Argentina flag Argentina: Visió econòmica i política

El marc polític d'Argentina

Political Outline

Current Political Leaders
President: Javier Milei (since 10 December 2023); the president is both chief of state and head of government.
Next Election Dates
President: October 2027
Legislative (Senate and Chamber of Deputies): October 2025
Current Political Context
Argentina conducted general elections on October 22, 2023, to elect the president, vice president, members of the National Congress, and governors of most provinces. The incumbent president Alberto Fernández and former president Cristina Fernández de Kirchner, who was also the incumbent vice president and eligible for re-election to a consecutive term, opted not to seek another term in office. With no presidential candidate securing a majority in the initial round, a runoff occurred on November 19. In the runoff, Javier Milei emerged victorious over Sergio Massa to assume the presidency of Argentina.
New President Javier Milei described himself as an 'anarcho-capitalist' and is expected to pursue libertarian policies. In his first month in office, he unleashed a mega-decree to change or scrap 366 economic rules in a country accustomed to heavy government intervention in the market. Milei has implemented changes to labour laws, extending the trial period for new employees from three to eight months and modifying compensation laws for dismissals without cause in favour of companies. Additionally, he intends to renegotiate labour agreements established since 1975. Furthermore, he has eliminated export restrictions and announced plans to liberalize the internet market. He has also repealed regulations prohibiting the privatization of state-owned enterprises and has expressed interest in privatizing the national airline, Aerolineas Argentinas, and the oil company, YPF. Additionally, he has taken steps to restrict the right to strike, a constitutionally protected right.
According to the International Monetary Fund, Argentina has pledged to build up international reserves and halt central bank financing of government debt as part of the most recent assessment of its USD 44 billion loan program. The global lender has endorsed a series of reforms put forward by President Javier Milei's administration.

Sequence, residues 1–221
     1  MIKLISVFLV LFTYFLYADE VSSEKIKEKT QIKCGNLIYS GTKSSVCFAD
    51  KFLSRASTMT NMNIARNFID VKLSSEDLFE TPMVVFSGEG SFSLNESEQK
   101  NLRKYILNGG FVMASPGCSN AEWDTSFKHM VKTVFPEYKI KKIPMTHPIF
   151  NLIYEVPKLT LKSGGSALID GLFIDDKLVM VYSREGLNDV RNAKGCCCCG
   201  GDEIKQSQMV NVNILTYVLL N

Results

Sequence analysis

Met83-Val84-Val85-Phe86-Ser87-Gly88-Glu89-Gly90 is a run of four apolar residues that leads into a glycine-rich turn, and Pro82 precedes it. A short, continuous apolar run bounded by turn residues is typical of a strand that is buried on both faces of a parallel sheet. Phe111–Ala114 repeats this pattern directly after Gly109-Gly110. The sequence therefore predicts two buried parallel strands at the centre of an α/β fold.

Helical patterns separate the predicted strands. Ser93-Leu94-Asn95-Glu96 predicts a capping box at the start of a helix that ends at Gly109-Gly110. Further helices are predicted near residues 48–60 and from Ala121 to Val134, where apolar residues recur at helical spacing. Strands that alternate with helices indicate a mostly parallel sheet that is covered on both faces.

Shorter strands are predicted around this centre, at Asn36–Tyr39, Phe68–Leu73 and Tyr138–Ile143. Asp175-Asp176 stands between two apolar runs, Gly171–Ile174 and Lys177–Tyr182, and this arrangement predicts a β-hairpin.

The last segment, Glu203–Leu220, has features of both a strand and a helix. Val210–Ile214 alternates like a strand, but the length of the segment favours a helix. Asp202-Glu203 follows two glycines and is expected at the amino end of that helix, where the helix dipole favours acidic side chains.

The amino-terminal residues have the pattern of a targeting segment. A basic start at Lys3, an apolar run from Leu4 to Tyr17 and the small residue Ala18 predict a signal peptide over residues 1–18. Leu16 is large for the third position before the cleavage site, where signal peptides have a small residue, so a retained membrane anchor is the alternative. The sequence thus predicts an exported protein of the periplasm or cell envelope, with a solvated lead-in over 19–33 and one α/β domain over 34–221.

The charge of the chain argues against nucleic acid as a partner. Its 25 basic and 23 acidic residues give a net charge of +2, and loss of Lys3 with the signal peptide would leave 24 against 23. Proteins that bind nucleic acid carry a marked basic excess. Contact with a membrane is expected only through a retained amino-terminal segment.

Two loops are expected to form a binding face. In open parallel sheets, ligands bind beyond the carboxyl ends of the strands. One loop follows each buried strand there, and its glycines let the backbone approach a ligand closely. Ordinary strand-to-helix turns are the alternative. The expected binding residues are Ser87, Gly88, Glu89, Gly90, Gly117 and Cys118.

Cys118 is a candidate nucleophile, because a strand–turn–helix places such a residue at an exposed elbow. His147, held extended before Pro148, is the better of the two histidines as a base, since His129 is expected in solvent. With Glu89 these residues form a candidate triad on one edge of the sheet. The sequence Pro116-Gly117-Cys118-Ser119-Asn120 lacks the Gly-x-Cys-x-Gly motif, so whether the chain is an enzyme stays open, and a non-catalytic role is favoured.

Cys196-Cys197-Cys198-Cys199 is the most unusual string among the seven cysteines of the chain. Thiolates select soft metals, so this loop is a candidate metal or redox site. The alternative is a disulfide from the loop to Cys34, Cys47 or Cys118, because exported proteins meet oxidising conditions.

Main Political Parties
The main parties/coalitions in Argentina include:

- Freedom Advances (La Libertad Avanza - LLA): far-right political coalition, holding conservative and ultraconservative positions on social and cultural matters, while adopting right-wing libertarian or ultra-liberal stances on economic issues. It is led by Javier Milei, who was elected Presiden in the 2023 Argentine general election
- Union for the Homeland (Unión por la Patria, UP): political and electoral coalition of Peronist political parties, it is the main opposition coalition
- Republican Proposal (Propuesta Republicana - PRO): right-wing, with center-right and far-right factions. Allied of LLA
- Radical Civic Union (Unión Cívica Radical - UCR): centrist, liberal
- Hacemos Coalición Federal (HCF): political/parliamentary alliance that unified the blocs Hacemos por Nuestro País, Coalición Cívica ARI, and Cambio Federal in the Chamber of Deputies
- Federal Peronism (Peronismo Federal): moderate, centrist, or right-wing Peronism, primarily recognized for its opposition to Kirchnerism, the left-wing faction of Peronism.

Executive Power